The digital era enables you to track your customer support efforts across multiple channels, like never before. Make the most of your metrics by integrating all of your digital avenues (email, social media comments, etc.) into platforms that will provide the ability to measure your performance effectively. Gaining a comprehensive understanding of where you are can help you keep tabs on your customer strategy at a holistic level.
If you’re addressing your customer’s concerns through Gmail, you’re missing out on valuable data.” commented Brian when we asked him what rudimentary measures businesses should take for customer response.
Tag-friendly customer support and engagement platforms like Zendesk, LiveAgent and HelpDesk, can provide you with the ability to classify and keep track of issues brought up by customers. These platforms can provide you with reports and metrics that help to illuminate your strengths and weaknesses, and they create a file history you can easily track.
3. What’s the Cost of Bad Customer Support?
Bad customer support will have a detrimental impact on your company. Research has shown that US businesses face $75 billion in losses each year due to poor customer support. It’s incredibly important to highlight positive feedback and mitigate the negative. This statement might seem obvious, but the context of customer support feedback is critical to business success. According to American Express, more than 33% of Americans say they’ll consider switching companies after a single instance of bad customer support, so the stakes have never been higher for delivering positivity.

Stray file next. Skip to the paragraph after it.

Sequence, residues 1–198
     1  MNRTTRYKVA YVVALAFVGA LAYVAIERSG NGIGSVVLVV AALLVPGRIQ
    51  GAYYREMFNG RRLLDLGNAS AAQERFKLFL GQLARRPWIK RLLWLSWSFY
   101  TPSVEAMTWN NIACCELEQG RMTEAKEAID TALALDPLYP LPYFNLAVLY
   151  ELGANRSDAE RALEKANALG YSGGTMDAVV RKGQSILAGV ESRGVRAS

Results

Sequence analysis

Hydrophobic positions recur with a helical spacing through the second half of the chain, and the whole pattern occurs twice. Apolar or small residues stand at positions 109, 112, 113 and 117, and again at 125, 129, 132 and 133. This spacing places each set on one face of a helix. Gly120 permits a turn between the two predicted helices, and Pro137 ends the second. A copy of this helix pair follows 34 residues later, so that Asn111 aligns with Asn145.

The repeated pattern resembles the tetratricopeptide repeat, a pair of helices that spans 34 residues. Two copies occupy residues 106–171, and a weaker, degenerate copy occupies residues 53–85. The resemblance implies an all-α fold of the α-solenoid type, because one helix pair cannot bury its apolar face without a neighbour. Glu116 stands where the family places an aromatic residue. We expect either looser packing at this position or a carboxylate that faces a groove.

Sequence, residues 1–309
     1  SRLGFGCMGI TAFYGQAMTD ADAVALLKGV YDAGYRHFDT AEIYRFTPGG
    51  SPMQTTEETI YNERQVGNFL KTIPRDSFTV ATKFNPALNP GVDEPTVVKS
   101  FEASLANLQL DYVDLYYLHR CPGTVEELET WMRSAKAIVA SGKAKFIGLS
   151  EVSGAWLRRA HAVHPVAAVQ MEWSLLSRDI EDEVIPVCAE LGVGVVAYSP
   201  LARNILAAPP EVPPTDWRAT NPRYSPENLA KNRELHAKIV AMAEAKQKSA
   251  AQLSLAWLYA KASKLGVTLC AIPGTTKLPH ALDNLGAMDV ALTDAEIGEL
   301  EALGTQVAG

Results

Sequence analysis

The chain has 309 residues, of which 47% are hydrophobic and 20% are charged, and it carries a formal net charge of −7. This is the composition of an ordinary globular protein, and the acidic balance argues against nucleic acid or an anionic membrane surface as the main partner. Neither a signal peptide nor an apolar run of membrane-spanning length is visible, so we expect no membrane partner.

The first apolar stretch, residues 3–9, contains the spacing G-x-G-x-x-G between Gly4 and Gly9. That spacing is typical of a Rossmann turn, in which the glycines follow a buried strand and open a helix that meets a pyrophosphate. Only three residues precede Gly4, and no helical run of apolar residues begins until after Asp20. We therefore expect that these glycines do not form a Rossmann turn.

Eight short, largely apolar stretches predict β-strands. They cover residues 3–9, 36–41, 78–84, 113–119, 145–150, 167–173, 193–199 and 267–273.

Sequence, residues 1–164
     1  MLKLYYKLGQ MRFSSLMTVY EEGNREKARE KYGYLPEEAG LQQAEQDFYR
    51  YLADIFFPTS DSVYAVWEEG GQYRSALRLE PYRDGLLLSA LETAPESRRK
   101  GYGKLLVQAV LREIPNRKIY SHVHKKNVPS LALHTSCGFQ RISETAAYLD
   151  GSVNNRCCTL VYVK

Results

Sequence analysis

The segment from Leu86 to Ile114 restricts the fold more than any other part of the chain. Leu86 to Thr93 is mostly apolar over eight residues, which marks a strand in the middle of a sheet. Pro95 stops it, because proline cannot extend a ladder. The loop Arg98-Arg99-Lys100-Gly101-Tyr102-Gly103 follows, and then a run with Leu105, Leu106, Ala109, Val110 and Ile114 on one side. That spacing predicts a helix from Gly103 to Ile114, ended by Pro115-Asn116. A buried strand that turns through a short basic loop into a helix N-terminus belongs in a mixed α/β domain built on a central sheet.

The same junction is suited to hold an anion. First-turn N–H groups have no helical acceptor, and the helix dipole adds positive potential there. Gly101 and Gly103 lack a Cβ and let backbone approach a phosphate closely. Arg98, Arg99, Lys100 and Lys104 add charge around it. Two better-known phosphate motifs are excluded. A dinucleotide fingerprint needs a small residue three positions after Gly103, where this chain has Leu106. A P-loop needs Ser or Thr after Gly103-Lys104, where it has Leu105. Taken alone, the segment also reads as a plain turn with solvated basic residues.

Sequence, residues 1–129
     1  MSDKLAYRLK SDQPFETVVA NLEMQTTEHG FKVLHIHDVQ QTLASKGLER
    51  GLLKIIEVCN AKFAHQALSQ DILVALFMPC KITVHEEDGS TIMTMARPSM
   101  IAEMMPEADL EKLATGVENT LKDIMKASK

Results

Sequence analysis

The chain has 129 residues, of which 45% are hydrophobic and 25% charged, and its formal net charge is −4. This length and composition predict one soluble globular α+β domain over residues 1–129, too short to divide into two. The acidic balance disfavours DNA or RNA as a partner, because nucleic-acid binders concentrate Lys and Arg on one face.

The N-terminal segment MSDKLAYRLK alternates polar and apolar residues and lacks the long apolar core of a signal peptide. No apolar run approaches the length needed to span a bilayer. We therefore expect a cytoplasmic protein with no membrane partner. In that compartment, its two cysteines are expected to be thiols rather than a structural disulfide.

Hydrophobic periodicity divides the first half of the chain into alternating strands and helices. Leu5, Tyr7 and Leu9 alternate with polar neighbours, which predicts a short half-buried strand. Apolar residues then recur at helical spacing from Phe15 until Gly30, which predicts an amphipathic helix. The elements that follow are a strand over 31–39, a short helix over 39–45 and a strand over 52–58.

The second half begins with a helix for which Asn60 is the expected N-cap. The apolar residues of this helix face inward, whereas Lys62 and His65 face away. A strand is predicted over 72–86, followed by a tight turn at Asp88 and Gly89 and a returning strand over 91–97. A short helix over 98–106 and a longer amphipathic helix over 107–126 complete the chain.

We asked Brian about the ratio of positive to negative CX feedback when it comes to customer outreach, and discovered that takes on average 12 positive touchpoints to erase a negative one! In other words, negative touchpoints are issues with your service (complaints, malfunctions, service cancellations), and your customer approach must look to increase the number of times you’re engaging about positive subjects. Just think about in the context of social media, the fact that the average American tells 15 people about their poor customer experience.
The idea isn’t to simply message your customers saying “What’s up?” It’s about looking for opportunities to interact beyond problem-solving.
4. Does Onboarding Affect Customer Support?